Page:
Isle of Dogs

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My obsession with Wes Anderson came on very suddenly. I had previously seen Fantastic Mr. Fox, but that didn't necessarily make me pursue all of his other films immediately. It was during a sort of random selection, where I decided "I suppose it's time to watch some Wes Anderson movies", where I suddenly fell in love with his style of directing. Even among his peers, it's entirely unique in it's complete disregard for the rules that everyone else seems to follow religiously. That isn't to say that Anderson is the only one who eschews typical directing techniques, but he does so in such a way that seems to run counter to everything that they would teach you to do in film school. It's this style of directing (and of writing) that lends his movies such an irresistible charm, and Isle of Dogs is no different. Clearly he enjoyed making Fantastic Mr. Fox so much that he knew he had to return to stop-motion, and the result here is something of simple beauty to behold, a movie with surprising depth that is simultaneously very easy to enjoy on a surface level.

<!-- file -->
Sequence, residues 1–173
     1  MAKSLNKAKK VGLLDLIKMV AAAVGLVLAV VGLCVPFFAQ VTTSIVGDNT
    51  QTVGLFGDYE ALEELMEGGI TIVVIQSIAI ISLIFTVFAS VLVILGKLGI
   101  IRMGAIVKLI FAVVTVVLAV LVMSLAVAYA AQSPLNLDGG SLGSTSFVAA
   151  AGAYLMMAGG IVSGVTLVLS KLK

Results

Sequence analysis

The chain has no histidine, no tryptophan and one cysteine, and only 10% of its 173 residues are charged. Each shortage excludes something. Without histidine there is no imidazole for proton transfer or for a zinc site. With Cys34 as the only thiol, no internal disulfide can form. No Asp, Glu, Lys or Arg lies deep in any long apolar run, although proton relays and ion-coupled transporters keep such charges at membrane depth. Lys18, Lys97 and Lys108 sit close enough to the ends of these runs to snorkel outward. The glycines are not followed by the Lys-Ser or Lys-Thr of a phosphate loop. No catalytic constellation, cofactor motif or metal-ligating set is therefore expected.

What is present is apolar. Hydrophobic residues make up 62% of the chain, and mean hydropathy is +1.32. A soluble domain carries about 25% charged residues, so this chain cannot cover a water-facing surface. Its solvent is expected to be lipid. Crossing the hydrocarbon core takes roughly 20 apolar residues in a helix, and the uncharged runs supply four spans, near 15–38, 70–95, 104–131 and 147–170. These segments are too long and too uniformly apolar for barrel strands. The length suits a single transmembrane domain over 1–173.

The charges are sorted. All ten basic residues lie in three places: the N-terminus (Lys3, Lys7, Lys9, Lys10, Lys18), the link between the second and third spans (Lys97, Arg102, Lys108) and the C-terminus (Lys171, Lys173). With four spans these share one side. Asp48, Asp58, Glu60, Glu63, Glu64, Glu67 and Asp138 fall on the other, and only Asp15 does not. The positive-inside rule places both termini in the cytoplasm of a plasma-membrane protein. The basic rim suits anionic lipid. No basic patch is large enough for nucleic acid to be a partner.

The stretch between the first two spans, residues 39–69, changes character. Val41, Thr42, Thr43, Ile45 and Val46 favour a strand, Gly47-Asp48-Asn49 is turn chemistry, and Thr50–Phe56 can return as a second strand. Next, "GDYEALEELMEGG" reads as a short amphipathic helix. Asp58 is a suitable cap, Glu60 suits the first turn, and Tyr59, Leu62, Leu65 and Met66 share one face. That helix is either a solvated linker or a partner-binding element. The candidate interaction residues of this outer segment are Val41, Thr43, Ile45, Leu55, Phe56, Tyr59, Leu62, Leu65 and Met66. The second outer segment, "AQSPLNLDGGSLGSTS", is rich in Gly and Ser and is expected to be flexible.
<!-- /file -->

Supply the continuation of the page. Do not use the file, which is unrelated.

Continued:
Anderson's style of directing is possibly one of the only ones in recent memory besides maybe Tarantino's where you can watch a 1 minute clip and say "Wes Anderson did that". Most directors don't like to have such an obvious and showy style, because if you don't know what you're doing, it can completely take away from the subject matter and be nothing but a distraction. But Anderson does know what he's doing. He's a filmmaker who, rather than attempting to blur the line between film and reality, he highlights it with big, bold strokes. His movies feel like a storybook, characters frequently moving horizontally across the screen to get from place to place, standing center frame and staring into the camera, and talking out loud about their feelings. This is not a traditional way to convey a narrative that you want your audience to connect with, but Anderson has somehow become the king of creating personal, affecting stories, even as he splashes bright, obvious color schemes all over his movies. Part of this may simply be because his movies just feel so good to watch. His style of directing allows him to pack numerous tonal shifts within a relatively small time frame, jumping from a funny moment to a serious one, and back again, without any sort of whiplash associated with it. It feels natural, it flows, it doesn't seem ridiculous (at least, not in a bad way). Everything feels like it works because we view it as a movie. We allow wacky things to happen, tonal shifts to occur, and strange dialogue to pass, because our suspension of belief has been built up to allow for these things to take place. Isle of Dogs is what a story book would look like come to life, which is funnier considering that Isle of Dogs is entirely original and not based on anything whatsoever.